I mentioned in my first post that all new communication technologies initially inspired fear and criticism. It goes as far back as the alphabet. Nancy K. Baym in Personal Connections in the Digital Age cites Plato quoting Socrates back in 370 BCE about this new alphabet thing:
“This discovery of yours will create forgetfulness in the learner’s souls, because they will not use their memories; they will trust to the external written characters and not remember of themselves. The specific which you have discovered is not an aid to memory, but to reminiscence, and you give your disciples not truth, but only the semblance of truth; they will be hearers of many things and will have learned nothing; they will appear to be omniscient and will generally know nothing; they will be tiresome company, having the show of wisdom without the reality.”
“They will appear to be omniscient and will generally know nothing,” because of reading without understanding… I’ve been to cocktail parties with people like that. Truth to tell I almost certainly have been that person at cocktail parties and am probably acting like one with now as I write this.
In once sense old Socrates was right. The creation of the alphabet did begin to change oral culture. Over the centuries memorization became less important and direct discourse between teacher and student was mediated to a degree by the written word. But what he failed to envision was how the written word made education more broadly available to everyone across both time and space, not just a select few students. Had he won the day and banished the alphabet, we would not know of him or his wisdom. It also increased the general level of knowledge of the polis as the best ideas became more easily accessible.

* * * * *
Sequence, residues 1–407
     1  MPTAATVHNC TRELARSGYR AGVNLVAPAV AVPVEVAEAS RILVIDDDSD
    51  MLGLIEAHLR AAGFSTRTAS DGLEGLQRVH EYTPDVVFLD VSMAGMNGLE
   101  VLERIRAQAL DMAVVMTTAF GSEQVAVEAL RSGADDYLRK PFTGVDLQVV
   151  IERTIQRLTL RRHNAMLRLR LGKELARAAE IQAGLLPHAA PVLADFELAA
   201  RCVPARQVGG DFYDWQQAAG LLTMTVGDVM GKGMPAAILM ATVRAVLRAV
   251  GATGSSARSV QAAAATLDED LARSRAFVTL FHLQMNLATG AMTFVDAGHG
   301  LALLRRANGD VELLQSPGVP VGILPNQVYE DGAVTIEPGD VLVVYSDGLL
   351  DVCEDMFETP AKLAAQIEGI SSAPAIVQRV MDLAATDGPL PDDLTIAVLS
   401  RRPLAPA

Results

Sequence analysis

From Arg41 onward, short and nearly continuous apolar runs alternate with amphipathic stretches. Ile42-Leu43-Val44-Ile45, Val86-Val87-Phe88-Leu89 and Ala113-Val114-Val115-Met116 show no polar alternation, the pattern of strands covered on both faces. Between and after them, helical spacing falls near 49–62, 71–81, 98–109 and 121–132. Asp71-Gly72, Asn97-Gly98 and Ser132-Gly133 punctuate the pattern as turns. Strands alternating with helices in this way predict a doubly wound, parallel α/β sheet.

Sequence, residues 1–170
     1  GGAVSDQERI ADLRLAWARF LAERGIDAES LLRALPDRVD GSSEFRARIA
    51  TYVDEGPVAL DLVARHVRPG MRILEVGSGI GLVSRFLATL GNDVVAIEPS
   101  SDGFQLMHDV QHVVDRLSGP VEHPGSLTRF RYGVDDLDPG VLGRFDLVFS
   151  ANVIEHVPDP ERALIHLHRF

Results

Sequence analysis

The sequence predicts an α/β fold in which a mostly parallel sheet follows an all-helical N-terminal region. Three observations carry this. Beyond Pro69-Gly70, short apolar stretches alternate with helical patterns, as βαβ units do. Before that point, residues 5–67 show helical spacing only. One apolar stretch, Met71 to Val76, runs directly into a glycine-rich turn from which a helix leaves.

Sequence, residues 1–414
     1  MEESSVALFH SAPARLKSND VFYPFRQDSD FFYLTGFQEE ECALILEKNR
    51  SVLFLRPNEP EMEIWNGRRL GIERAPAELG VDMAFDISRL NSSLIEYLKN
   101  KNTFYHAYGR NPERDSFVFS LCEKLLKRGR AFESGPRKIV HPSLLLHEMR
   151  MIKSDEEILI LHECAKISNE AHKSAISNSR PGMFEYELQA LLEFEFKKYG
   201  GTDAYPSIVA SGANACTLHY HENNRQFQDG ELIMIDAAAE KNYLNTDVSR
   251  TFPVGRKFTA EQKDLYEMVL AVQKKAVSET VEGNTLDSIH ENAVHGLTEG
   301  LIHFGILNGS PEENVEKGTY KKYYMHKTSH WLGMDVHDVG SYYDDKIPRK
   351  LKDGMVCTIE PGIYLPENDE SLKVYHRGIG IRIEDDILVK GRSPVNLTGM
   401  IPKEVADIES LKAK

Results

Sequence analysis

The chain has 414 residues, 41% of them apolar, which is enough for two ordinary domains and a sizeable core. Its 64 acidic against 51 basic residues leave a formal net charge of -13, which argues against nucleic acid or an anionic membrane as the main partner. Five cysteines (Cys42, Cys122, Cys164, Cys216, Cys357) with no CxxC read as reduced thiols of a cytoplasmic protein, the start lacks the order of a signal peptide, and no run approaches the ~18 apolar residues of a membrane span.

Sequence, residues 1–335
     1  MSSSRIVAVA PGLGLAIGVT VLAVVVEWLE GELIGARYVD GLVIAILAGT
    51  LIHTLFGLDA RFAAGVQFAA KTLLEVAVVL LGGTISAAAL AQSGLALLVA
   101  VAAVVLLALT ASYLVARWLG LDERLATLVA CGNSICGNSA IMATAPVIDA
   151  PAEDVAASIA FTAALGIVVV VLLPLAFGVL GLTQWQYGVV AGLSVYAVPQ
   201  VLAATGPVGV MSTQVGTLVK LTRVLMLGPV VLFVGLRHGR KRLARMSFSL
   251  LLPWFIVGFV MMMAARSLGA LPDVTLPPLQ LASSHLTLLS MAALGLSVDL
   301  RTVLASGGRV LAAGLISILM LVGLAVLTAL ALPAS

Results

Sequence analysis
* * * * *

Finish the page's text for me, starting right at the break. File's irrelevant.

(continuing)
Of course the concomitant downside is that a lot of lousy ideas have been spread as well through the written word giving rise to such joyful cultural artifacts as political campaign literature, incomprehensible technical manuals and, eventually, FOX News (or the SUN network if you prefer a Canadian reference).
But even Socrates would agree that back in his day there were teachers spreading weak and even downright untruthful ideas. That part of human nature hasn’t changed, only the technology has. Those who complain that the internet is dumbing down our culture are essentially repeating Socrates’ argument. I suspect that in the end, we will see that the fearful running away from technology will only serve to isolate those who decry it.
Is the internet changing culture? Sure. Is it changing it for the worse? Nope. It’s just changing the way we do business, the way we learn and the way we participate in the formation and transmission of knowledge in the world. Are there people who accept some of the garbage that gets posted uncritically? Sure. But then people accepted bad television in the Broadcast Age, gosspiy telephone calls in the age before that and scurrilous pamphlets in the age of the printing press.
We can’t blame the technology for people’s bad and undiscerning choices.